A team of plant enthusiasts, with support from Biodiversity Officers, will be searching for some of Victoria’s rarest orchids near Portland tomorrow.

The Department of Environment, Land, Water and Planning (DELWP) and volunteers from the Australasian Native Orchid Society (ANOS) will be combing around 40 hectares of land within Bats Ridge Wildlife Reserve and Point Danger Coastal Reserve.

The team will be counting and recording numbers of Mellblom’s Spider-orchid (Caladenia hastata) and the Limestone Spider-orchid (Caladenia calcicola), both of which are listed as threatened under the Environment Protection & Biodiversity Conservation Act 1999.

DELWP Barwon South West Biodiversity Officer David Pitts said: “These orchids are very rare. The Mellblom's Spider-orchid only grows in Victoria’s south-west and the Limestone Spider-orchid has only ever been recorded in Victoria’s south west and south-east South Australia.”

“Both species have a local population of less than 1,000 plants.”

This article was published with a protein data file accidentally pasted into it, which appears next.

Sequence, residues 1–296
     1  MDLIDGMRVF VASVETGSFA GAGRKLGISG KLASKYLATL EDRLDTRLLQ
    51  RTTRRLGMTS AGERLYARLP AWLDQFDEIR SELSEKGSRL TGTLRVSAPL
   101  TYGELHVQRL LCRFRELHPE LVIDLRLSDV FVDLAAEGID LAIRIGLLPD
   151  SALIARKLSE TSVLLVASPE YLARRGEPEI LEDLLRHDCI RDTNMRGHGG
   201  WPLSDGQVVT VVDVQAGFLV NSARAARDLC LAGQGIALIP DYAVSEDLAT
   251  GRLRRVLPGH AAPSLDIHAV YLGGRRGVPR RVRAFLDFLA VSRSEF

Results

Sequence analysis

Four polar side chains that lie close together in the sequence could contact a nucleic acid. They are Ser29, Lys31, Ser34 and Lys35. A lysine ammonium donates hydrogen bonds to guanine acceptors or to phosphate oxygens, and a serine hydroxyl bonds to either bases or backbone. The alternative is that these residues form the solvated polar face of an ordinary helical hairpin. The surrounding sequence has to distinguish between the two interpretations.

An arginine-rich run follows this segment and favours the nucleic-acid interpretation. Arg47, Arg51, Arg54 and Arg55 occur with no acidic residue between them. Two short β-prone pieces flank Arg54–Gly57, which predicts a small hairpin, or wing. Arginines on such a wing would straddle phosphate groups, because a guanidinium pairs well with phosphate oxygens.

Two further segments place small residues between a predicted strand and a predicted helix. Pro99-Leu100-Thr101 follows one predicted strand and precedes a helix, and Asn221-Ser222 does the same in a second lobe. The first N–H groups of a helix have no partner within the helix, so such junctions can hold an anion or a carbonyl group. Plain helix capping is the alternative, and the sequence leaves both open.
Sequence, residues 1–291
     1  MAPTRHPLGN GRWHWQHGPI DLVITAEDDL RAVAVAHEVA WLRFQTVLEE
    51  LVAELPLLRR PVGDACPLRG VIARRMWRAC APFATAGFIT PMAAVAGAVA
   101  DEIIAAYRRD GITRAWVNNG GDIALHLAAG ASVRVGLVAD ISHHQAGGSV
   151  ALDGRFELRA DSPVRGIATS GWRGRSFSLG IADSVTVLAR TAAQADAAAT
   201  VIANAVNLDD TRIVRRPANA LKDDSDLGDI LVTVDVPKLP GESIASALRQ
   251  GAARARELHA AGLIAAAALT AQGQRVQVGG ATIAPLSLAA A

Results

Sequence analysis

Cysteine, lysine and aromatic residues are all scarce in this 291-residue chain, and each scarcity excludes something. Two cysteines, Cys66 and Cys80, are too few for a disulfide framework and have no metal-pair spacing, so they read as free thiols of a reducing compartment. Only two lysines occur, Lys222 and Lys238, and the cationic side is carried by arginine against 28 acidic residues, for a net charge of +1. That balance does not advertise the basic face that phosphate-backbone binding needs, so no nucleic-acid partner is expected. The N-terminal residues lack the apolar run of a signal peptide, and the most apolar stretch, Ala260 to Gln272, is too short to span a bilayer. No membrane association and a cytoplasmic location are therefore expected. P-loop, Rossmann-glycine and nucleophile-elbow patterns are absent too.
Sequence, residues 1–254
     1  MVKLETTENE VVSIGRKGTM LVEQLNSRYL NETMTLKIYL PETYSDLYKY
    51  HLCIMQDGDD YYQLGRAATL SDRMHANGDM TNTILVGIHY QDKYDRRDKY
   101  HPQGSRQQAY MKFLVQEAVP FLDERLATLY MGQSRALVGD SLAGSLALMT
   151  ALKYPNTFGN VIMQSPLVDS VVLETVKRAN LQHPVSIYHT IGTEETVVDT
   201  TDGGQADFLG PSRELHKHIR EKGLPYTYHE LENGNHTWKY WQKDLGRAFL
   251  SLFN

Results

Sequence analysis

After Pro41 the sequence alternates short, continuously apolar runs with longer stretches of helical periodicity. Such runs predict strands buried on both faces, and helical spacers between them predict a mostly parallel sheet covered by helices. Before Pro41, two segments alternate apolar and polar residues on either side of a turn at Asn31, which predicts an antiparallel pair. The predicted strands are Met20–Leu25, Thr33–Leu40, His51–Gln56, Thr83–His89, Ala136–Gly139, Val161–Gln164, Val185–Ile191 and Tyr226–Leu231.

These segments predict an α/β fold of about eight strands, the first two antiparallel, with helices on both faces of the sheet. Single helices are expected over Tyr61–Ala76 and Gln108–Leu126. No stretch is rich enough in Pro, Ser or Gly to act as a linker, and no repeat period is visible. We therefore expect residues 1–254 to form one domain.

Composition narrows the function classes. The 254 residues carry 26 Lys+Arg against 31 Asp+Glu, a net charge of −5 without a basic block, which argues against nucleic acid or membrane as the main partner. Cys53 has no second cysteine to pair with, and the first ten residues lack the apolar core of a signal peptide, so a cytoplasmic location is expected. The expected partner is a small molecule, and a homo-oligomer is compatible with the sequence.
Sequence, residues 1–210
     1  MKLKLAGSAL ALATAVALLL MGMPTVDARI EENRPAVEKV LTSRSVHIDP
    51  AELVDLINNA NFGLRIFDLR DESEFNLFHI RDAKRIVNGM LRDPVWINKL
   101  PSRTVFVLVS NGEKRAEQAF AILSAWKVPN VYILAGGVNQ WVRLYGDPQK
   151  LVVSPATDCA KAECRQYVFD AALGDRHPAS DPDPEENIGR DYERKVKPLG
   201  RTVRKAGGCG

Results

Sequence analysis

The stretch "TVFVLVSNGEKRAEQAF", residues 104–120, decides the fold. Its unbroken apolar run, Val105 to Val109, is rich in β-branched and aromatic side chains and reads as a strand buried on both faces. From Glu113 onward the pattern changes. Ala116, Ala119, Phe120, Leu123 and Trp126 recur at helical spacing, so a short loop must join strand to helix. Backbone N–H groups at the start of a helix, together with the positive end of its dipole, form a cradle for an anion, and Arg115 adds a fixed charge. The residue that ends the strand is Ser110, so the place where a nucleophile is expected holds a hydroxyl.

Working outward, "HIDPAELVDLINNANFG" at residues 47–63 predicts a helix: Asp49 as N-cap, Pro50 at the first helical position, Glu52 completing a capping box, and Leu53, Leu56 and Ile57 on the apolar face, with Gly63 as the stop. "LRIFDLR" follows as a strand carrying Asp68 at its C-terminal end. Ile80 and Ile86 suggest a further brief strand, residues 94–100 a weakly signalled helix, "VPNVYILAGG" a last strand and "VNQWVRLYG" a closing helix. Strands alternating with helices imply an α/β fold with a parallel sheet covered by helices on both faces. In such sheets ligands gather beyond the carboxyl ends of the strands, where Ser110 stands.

“This work is undertaken in spring every year, as it’s the season when the orchids are in flower, and can be more easily identified.”

“The team will be using GPS devices, to record the location of each orchid, and place this information into the Victorian Biodiversity Atlas.”

“In addition to monitoring how the local populations are tracking, the long-term project is developing our understanding about the life-cycle of these species, and about threats to their habitat.”

“These stunning orchids were widespread and abundant in south-west Victoria in the 1950s, however they are now limited to much smaller populations.”

“It’s important we undertake this work to understand what caused this significant decline over a relatively short period.”

“The data and knowledge we develop will assist with the future conservation management of these orchids.”

Mellblom’s Spider-orchid has creamy white flowers with dark clubbing at the tips of the petals.  

The flowers of the Limestone Spider-orchid are glossy, pale and yellow with maroon markings.

This project is supported by Glenelg Hopkins Catchment Management Authority, through funding from the Australian Government’s National Landcare Program.

Caladenia hastata

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